On Solarized

2016-02-28 00:00:00

Solarized is a popular color scheme made by Ethan Schoonover which is very popular among programmers. This article discusses Solarized in more depth, or rather, criticizes it for some of its failings. You have been warned.

Solarized's color palette

Solarized is first and foremost a color palette, and not a color theme. For now, I'll ignore how well Solarized works for, e.g., Vim, and talk strictly about the set of colors that comprise it.

Solarized consists of sixteen colors (to match the sixteen colors of terminals): 8 accent colors, 4 content tones, and two sets of 2 background tones. What this means is that if you are using Solarized's color palette, you have the following options for making a color theme: a standard background color, a "highlight" background color, three levels of emphasis for the standard foreground color (not four, see Solarized's page for details), and eight additional foreground colors. To be honest, this is quite sufficient for most user interface purposes; using more colors (simultaneously, anyway) would make a user interface into rainbow soup.

Solarized's design

Here is where I have some of the biggest gripes with Solarized. Solarized's colors were picked from the CIELAB color space to maximize contrast and reduce eye strain and so on and so forth. This is a very programmer-like approach to the problem of designing a color palette and the concept alone is likely to appeal to programmers.

However, as a programmer, I object to the assumption that this is the ideal way to choose a color palette:

User interface design

I do not have a lot of experience with user interface design, but for various reasons I'd like to think I have some authority to speak on the subject. I am aware that designing user interfaces is a difficult problem. One approach to the problem of coloring in particular is to select a color palette beforehand and apply it consistently across the entire object to be designed (be it a physical product, a web site, or a program's user interface).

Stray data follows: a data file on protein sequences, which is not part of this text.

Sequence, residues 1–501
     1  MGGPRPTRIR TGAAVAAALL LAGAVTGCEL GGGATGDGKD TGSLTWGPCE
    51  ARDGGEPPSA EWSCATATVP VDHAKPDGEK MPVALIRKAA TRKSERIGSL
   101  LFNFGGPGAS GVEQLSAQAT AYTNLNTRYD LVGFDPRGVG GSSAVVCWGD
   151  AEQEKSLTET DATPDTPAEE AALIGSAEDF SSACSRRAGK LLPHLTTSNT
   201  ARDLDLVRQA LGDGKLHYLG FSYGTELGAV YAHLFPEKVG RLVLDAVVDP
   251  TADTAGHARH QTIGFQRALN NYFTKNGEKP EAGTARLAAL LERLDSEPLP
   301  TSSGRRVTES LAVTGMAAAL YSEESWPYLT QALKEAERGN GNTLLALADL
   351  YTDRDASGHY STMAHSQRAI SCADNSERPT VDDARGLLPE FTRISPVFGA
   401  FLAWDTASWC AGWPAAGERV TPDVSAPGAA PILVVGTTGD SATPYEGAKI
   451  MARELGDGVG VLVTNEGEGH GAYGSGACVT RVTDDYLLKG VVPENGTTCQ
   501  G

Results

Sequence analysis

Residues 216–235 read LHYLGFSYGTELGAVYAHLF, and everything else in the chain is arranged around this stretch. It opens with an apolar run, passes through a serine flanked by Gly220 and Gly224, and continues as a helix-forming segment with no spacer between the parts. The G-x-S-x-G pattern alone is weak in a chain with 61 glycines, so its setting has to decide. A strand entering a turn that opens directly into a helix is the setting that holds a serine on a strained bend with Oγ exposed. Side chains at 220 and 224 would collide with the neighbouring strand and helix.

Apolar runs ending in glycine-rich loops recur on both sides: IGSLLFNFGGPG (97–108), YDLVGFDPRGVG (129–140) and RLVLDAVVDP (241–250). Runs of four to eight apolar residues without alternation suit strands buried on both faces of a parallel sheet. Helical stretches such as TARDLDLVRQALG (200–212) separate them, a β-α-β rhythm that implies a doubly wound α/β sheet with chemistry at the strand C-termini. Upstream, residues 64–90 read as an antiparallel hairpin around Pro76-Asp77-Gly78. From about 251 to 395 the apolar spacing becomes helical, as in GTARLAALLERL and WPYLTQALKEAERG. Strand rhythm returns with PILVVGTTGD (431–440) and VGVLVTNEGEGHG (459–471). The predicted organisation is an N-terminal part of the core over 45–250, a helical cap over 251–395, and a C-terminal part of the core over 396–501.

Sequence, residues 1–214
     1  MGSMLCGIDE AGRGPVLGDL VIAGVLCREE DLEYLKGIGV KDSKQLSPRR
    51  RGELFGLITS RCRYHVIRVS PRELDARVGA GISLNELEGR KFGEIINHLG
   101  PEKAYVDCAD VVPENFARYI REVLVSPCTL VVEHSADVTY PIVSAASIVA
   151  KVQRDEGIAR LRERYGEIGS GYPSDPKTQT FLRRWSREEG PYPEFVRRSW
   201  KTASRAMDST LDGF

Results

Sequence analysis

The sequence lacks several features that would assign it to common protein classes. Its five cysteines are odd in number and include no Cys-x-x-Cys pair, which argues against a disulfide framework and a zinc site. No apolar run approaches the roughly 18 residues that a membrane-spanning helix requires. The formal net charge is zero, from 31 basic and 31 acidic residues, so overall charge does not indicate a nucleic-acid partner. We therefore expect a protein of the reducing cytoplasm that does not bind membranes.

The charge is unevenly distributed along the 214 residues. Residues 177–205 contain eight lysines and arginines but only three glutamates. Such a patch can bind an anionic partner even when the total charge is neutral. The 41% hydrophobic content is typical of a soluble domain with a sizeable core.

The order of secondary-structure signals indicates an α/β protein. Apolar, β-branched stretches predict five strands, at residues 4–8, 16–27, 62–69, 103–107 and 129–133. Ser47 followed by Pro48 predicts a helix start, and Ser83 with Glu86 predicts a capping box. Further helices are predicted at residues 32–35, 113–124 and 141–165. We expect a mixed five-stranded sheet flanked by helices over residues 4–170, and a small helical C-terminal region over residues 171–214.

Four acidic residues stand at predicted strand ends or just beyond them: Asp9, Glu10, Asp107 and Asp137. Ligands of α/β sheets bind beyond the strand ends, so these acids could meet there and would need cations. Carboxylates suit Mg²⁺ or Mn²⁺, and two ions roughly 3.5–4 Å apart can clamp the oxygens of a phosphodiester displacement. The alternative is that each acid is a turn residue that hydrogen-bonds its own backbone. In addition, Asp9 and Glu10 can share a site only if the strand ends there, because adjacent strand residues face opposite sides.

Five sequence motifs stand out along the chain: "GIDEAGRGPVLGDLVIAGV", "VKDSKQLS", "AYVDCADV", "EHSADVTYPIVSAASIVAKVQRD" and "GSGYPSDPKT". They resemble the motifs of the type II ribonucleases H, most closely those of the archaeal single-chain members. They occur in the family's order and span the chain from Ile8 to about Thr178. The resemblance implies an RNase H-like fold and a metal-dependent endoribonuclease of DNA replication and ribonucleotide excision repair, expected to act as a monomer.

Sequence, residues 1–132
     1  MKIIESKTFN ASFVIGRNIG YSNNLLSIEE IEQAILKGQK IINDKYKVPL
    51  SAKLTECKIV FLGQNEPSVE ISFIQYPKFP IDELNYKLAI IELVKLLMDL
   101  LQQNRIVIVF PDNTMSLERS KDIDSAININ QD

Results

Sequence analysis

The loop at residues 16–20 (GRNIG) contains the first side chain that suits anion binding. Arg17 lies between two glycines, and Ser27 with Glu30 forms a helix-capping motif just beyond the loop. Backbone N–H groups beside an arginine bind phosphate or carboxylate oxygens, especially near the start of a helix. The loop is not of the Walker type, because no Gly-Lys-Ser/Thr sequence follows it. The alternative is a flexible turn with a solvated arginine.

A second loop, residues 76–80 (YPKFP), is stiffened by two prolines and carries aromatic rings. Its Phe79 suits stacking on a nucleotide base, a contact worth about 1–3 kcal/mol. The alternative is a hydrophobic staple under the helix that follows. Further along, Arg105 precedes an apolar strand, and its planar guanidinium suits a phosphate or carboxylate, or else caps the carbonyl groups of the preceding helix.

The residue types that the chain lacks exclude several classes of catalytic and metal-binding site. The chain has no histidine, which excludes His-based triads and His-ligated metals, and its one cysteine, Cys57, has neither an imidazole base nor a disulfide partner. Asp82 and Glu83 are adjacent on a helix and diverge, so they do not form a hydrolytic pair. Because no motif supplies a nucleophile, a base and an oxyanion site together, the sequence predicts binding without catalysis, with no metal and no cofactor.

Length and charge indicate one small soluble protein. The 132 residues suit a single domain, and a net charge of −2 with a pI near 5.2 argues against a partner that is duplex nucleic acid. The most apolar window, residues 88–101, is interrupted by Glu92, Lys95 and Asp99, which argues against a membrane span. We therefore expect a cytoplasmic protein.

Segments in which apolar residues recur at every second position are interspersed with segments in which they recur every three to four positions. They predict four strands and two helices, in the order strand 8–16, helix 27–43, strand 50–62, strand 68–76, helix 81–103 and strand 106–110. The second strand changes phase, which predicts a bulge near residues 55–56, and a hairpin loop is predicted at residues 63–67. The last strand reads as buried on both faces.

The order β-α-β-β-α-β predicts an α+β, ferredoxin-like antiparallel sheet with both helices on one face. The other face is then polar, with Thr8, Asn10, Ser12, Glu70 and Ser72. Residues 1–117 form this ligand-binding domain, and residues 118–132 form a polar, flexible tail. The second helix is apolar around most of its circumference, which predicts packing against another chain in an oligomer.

This is a great approach generally, but it sucks for programmers. This is best demonstrated through an example:

Bob is a programmer working with his (fictional) Vimacs editor. He has many plugins installed, and he's using Solarized as his color theme. One of the plugins provides syntax highlighting, which makes use of the eight colors and three foreground tones to add visual structure to edited code and increase Bob's productivity.

However, another plugin which provides static code checking also makes use of the same set of colors to highlight errors in the code. Bob regularly gets confused from the poor interaction between the two plugins, lowering his productivity. He wants to fix this problem. However, due to Solarized's limited color palette, and furthermore because this color palette is already being fully used for highlighting, and these colors were originally chosen to maximize contrast, any additional color that Bob tries to use will have poor contrast with the existing palette.

Ultimately, it would be better to choose colors in a somewhat ad-hoc manner, because whether or not a color provides good contrast depends on which colors it is used with. It's okay to use two similar colors if those colors will never have to be distinguished from each other in the same context, and using two different colors will give you more leeway in using colors in the big picture. A programmer's text editor or IDE has a lot of parts integrating in various ways, so having this leeway in color selection is valuable.